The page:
God is Alive in Scotland

More than 200 churches in Falkirk unite for Will Graham Celebration

God is Alive in Scotland

More than 200 churches in Falkirk unite for Will Graham Celebration

Ian, a local teacher and counselor for the Central Scotland Celebration of Hope in Falkirk, pushed through the crowd at the open-air Falkirk Stadium. He was looking for a friend—his boss, Julie. Still overwhelmed with delight that she was there, he wanted to thank her for coming. He’d been diligently sharing Christ with her for the last year.

Will Graham had preached a strong sermon and had given the invitation for people to come forward and receive Christ. The counseling was almost over. Soon the crowd would disperse, and Julie was nowhere to be found. Suddenly Ian spotted Diane, a Christian friend and fellow teacher who had agreed to come to the event with Julie. Diane ran up to him with this beautiful news:

“Julie went forward! Julie went forward!”

Ian was ecstatic. Julie had been completely closed to the idea of Christianity when he first started witnessing to her. He had hoped the Celebration would bring her one step closer to a greater acceptance of Jesus. He wasn’t expecting this news.

When he met up with Julie, she told him that once she got to the stadium, she found herself surrounded by people with such warmth that her wariness about Christianity dissipated and her resentment melted.

“She knew that this was a place of unity and a place of pure love,” Ian said. “And suddenly it just all made sense, and she realized that she did believe everything that was being said. So she just collected herself to go forward.”

More than 700 others made their way to the front of the stadium during the June 15-17 Celebration to make commitments to Christ. The stadium, usually alive with sports events, resounded during the Celebration of Hope with music from Aaron Shust, The Afters and Newsboys. Each night, the crowd pumped their fists in the air as the groups performed. Some sprang into dance.

Then Will’s distinctive voice, like the voice of his grandfather in Glasgow in 1955 and 1991, and his father 20 years ago in Perth, rang out with truth: “God’s been chasing after you,” he said on Friday night, as Scots cozied up in their jackets and sweaters to ward off the chill.

“What would happen if today was the last day of your life?” he asked on Saturday. “Would you have any regrets? … The Bible says in the span of eternity your life is like a vapor. We’re never guaranteed a tomorrow.”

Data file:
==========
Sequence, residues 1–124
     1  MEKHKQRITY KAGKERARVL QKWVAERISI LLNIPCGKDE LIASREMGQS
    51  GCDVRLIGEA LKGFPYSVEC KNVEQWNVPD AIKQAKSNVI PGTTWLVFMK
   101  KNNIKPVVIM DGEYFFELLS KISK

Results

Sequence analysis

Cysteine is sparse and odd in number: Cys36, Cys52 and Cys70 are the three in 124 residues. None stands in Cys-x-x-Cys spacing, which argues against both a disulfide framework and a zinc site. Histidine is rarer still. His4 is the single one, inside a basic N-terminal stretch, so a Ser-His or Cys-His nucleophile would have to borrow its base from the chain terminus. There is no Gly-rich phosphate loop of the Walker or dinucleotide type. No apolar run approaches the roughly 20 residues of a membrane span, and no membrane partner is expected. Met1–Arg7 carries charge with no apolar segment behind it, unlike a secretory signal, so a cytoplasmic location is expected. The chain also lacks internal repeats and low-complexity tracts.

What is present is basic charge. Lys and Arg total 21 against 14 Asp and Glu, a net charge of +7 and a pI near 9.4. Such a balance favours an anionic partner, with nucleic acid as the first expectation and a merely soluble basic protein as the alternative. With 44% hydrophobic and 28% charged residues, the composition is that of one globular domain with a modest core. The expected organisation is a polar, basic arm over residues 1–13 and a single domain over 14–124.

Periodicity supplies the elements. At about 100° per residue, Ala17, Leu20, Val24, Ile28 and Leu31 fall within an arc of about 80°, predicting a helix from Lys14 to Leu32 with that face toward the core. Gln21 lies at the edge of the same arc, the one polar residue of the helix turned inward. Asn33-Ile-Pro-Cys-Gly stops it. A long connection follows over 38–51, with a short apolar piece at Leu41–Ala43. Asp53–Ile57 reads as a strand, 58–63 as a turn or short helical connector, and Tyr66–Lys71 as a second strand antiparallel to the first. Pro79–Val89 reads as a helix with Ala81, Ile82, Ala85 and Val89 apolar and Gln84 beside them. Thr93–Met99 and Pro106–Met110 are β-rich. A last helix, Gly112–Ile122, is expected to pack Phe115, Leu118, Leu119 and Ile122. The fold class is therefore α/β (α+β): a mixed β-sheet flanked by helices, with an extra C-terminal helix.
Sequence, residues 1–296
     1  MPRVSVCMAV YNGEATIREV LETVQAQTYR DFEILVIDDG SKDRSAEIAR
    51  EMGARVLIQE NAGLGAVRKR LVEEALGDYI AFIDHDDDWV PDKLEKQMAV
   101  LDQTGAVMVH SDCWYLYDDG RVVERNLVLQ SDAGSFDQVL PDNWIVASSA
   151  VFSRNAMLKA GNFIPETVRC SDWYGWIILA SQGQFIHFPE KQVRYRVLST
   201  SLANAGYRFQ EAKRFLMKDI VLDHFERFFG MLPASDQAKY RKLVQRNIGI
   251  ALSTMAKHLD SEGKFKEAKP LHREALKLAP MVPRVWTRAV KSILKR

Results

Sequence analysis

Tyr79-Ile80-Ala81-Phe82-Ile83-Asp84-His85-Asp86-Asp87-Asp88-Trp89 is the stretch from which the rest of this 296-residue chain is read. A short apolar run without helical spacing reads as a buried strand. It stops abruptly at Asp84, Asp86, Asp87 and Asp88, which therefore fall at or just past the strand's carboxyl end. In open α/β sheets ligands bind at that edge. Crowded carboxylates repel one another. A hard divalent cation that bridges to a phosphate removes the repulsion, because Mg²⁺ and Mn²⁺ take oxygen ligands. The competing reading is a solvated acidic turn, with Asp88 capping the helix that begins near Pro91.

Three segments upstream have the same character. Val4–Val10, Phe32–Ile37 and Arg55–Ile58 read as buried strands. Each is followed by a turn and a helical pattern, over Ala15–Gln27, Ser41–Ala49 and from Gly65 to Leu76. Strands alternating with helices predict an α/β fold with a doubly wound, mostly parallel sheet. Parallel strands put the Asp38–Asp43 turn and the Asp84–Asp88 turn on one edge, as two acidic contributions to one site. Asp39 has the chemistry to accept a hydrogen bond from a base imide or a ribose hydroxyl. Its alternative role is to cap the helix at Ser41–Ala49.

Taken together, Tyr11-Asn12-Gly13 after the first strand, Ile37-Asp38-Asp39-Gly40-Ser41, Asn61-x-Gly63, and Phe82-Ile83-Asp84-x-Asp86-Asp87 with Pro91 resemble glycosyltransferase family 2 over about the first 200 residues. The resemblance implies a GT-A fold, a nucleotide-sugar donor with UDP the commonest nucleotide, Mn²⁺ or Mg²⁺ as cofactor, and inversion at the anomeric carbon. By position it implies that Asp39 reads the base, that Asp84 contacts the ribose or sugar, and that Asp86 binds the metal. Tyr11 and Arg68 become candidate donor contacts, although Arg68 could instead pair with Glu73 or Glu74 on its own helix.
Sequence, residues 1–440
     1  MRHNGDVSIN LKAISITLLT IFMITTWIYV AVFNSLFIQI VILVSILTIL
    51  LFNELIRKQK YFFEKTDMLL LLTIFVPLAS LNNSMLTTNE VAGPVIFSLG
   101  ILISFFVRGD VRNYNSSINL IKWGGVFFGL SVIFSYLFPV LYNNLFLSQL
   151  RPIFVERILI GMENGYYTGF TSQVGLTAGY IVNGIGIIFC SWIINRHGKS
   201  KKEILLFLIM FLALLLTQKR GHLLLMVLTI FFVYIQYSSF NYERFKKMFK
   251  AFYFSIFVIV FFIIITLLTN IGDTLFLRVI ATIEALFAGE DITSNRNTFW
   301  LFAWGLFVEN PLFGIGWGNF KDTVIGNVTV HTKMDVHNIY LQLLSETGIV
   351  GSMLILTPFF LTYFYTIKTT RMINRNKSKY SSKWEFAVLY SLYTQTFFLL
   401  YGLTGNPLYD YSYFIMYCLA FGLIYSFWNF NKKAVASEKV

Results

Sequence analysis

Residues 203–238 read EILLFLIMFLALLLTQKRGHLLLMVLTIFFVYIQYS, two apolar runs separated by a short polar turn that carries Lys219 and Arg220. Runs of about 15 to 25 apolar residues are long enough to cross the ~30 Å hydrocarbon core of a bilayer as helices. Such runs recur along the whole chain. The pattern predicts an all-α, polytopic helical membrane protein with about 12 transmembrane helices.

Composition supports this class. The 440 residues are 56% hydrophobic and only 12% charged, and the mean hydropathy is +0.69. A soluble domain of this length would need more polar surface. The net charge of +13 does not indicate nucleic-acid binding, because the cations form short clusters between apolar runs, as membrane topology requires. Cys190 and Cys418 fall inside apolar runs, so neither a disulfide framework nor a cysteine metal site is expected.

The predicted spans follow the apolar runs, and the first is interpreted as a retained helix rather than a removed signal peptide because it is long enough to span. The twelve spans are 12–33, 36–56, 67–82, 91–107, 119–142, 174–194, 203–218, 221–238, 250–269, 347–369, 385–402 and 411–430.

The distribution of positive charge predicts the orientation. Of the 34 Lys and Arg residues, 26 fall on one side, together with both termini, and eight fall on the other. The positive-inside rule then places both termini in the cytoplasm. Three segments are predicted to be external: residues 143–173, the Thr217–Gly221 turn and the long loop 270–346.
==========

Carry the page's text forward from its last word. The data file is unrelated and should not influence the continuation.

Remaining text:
Then Sunday: “Salvation is a Person, and His Name is Jesus. He’s the only One who died for your sins.”

Situated between Edinburgh and Glasgow, Falkirk district was once known for its heavy industry, but that has all but disappeared. The area, now home to about 160,000 residents, draws tourists each year to see the Kelpies, a pair of gigantic horse sculptures and the Falkirk Wheel, the world’s first and only rotating boat lift.

The region’s spiritual climate has changed since Mr. Graham held his multi-city Crusade in 1955. About 50 percent of Scots attended church regularly in those days, compared to only 7 percent today.

“The secularization of our nation has impacted Falkirk,” said Michael Rollo, pastor of Found Church. “But there is a relatively strong evangelical community.”

More than 300 pastors took BGEA’s discipleship training in preparation for the Celebration, and 1,500 attended the Christian Life and Witness Course. Those numbers are particularly encouraging, said Celebration director Gary Cobb, because people aren’t that comfortable sharing their faith.

“A lot of people view evangelism as being rude,” Cobb said. “They don’t want to talk about their faith so much.”

The church in Scotland has been described as a “sleeping giant,” said Alistair Barton, the prayer team chair, when the Celebration was announced. “But tonight I want to declare: ‘The sleeping giant is stirring!’”

More than 9,500 attended the Celebration, with another 31,000-plus from 87 countries watching online.

“I have been so blessed by attending the Scotland Hope Celebrations in Falkirk this weekend, and [I] re-committed my life to Jesus,” a woman named Elizabeth wrote on billygraham.org. “I made a decision to follow Jesus during the 1991 Crusade in Glasgow when Billy Graham so clearly spoke into my heart. [I’m] thankful for Will for following in his grandfather’s footsteps as he speaks with such conviction of Jesus’ love.”

Christians had spent months preparing for the Celebration, and they are now praising God for victories in their families.

“My 19-year-old nephew, Keith, went forward tonight and, with my husband by his side counseling him, he gave his heart to the Lord,” said Hazel Christie. “We are ecstatic and praying that his decision will challenge other family members.”

Churches and faith leaders are encouraged.

“It’s been an awesome weekend,” Rollo said. “It’s just been fantastic to see all these people coming forward. We believe that people will come to realize that God is alive in Scotland.”

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